Immigrants' Rights

No policy of
terror in Kentucky

In 2011, an Arizona copy-cat was proposed here in Kentucky, Senate Bill 6. SB 6 would have mandated discrimination by requiring police officers to target people who seem like they might be undocumented.  KFTC was part of a broad effort that successfully defeated the bill.

Here is what some members said about SB 6.

Shekinah Lavalle“The Bill of Rights says that we’re all innocent until proven guilty, but this won’t be true for people with darker skin and accents.” 

Shekinah LaValle
Jefferson County

 

“SB 6 seeks to establish a sanctioned policy of terror that would systematically and willfully persecute Latinos living in Kentucky. It would wrongfully incarcerate innocent people for profit – including women and Juan Gutierrezchildren.

"This is a crime against humanity. This is wrong. It is wrong in Rwanda, it is wrong in Sudan, it is wrong in North Korea, China or Nazi Germany. It is also wrong in Kentucky.”

Juan Gutierrez
Bowling Green legal
permanent resident

 

Read an op-ed published in the Georgetown News-Graphic by Scott County member Homer White about SB 6.

Si Se Puede rally in 2006KFTC is working to create a society that supports the human rights of all people. We value the human rights of everyone, regardless of national origin, race, citizenship, immigration status or any other defining characteristic.

KFTC supports our allies in working for comprehensive immigration reform.

We also work to defend Kentucky against bad immigration legislation, especially attempts to divide our communities by colors and accents and places of birth. This is not what we want.

 We want protected communities. We canʼt afford mandated discrimination. We want to stand united. Kentucky canʼt afford to turn neighbor against neighbor.

Learn more about the contributions of immigrants to Kentucky here.

Kentucky Council of Churches Prayer in Action Day: Immigrants/Refugees

KCC is hosting Prayer in Action days at the State Capitol each Tuesday during the 2017 General Assembly to pray for government officials and act on behalf of Kentucky’s most vulnerable citizens. Each week will focus on a particular justice issue.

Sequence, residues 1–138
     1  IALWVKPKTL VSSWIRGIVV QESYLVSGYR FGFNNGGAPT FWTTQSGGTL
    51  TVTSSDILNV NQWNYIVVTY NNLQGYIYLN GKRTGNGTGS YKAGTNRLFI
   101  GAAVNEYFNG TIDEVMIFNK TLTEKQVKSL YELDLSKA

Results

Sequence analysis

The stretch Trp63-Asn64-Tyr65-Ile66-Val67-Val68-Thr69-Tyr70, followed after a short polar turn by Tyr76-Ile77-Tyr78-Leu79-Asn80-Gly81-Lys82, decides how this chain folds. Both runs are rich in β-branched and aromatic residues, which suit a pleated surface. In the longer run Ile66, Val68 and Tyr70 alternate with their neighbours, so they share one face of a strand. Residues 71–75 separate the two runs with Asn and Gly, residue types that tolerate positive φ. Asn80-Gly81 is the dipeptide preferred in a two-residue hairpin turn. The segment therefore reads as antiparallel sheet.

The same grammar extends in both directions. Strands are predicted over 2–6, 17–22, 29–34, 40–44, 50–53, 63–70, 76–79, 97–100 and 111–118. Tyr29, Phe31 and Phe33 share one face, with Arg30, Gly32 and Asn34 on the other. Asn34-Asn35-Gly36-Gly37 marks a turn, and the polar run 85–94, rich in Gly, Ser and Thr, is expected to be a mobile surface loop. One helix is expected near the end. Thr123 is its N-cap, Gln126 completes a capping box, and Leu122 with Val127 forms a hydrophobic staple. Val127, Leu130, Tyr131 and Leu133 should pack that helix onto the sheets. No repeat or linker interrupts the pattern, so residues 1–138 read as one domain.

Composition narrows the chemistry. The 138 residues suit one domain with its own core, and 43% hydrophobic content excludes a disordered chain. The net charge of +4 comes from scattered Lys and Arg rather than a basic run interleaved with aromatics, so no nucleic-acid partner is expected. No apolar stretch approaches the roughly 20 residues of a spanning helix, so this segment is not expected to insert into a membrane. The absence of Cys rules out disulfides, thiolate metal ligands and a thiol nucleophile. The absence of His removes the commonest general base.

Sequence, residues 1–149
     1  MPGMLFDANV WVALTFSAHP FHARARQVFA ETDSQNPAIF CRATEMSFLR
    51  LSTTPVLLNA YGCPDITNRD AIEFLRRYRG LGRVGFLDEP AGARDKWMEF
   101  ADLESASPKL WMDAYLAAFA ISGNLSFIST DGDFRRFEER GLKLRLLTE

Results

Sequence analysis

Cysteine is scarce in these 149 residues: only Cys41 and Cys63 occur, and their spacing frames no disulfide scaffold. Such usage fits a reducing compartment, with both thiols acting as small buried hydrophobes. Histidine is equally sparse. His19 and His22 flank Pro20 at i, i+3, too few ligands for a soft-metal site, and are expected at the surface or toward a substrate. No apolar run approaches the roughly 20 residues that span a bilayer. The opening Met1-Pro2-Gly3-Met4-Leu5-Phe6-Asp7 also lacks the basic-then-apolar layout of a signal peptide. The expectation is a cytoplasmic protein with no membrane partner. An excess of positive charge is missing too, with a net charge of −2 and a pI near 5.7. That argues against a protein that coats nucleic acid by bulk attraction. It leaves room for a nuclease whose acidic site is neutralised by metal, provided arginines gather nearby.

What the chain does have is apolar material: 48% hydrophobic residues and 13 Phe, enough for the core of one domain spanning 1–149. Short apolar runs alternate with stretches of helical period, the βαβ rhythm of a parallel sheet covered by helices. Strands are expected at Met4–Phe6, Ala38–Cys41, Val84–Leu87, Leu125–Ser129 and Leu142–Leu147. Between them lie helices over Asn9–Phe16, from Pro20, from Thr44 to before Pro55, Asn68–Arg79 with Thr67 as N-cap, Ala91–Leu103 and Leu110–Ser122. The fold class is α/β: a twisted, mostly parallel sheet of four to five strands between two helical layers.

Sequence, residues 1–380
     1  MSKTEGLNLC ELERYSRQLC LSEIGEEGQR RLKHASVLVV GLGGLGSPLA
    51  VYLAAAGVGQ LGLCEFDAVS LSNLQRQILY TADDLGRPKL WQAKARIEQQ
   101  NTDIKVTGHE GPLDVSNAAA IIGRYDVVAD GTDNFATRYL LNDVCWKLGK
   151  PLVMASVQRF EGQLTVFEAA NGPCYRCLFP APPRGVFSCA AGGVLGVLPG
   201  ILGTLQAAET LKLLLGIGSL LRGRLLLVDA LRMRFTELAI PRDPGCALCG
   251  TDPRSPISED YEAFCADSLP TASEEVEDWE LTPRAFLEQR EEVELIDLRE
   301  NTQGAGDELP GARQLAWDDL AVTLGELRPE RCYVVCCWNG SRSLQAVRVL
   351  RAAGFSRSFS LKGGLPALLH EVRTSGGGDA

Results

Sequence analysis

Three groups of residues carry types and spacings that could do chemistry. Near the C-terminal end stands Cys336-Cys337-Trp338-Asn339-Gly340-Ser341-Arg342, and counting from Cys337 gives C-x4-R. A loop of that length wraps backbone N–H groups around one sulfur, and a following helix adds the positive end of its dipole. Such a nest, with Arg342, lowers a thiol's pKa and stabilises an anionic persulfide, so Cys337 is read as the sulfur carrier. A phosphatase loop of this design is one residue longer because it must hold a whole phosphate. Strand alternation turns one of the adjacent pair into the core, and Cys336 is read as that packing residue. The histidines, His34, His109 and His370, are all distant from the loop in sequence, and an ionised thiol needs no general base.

Northern Kentucky Lobby Training

Join KFTC and others as we prep members for meeting with elected officials and other decision makers by learning more about the legislative process, good guidelines to go by, practice mock lobbying moments, and more.

Jefferson County Chapter discusses local issues

Last week’s Jefferson County Chapter meeting kicked off with a brief report from Mary Love about Alliance for Appalachia’s 8th Annual Week in Washington. Mary was a member of the KFTC delegation again this year. The Alliance focuses not only on ending mountaintop removal mining but is also working toward a just and sustainable transition in Appalachia.

Jared Zarantonello gave a presentation on WFOR Forward Radio, “a community-based, low power FM radio start-up and media project operating as an educational arm of the Louisville chapter of the Fellowship of Reconciliation (FOR) in pursuit of peace and social justice. WFOR seeks to create a network of community partners to aid in building a more diverse and relevant model of media. This will ensure that our diverse local voices that are ignored by the mainstream media are heard and that the public interest is served through media.”

During the presentation, members shared their ideas for radion programming: story on the mission of St. George’s Community Center, Strange Fruit Podcast on LGBTQ issues, stories from TARC users, biking issues in Louisville, info from AARP, helping folks figure out if they owe taxes, and energy efficiency and renewables. If you have ideas you would like to share or if you want to learn more about WFOR contact Jared at, 502-468-6519 or jaredzarantonello@gmail.com

Rally for Immigration Reform and Legalization with Dignity

gDSC_0336Last week, a number of Ketucky Immigrant Rights groups got together with allies like KFTC and held the Rally for Immigration Reform and Legalization with Dignity.  The event was timed in solidarity with numerous other immigrants' rights rallies happening across the US including a main event in Washington, DC.

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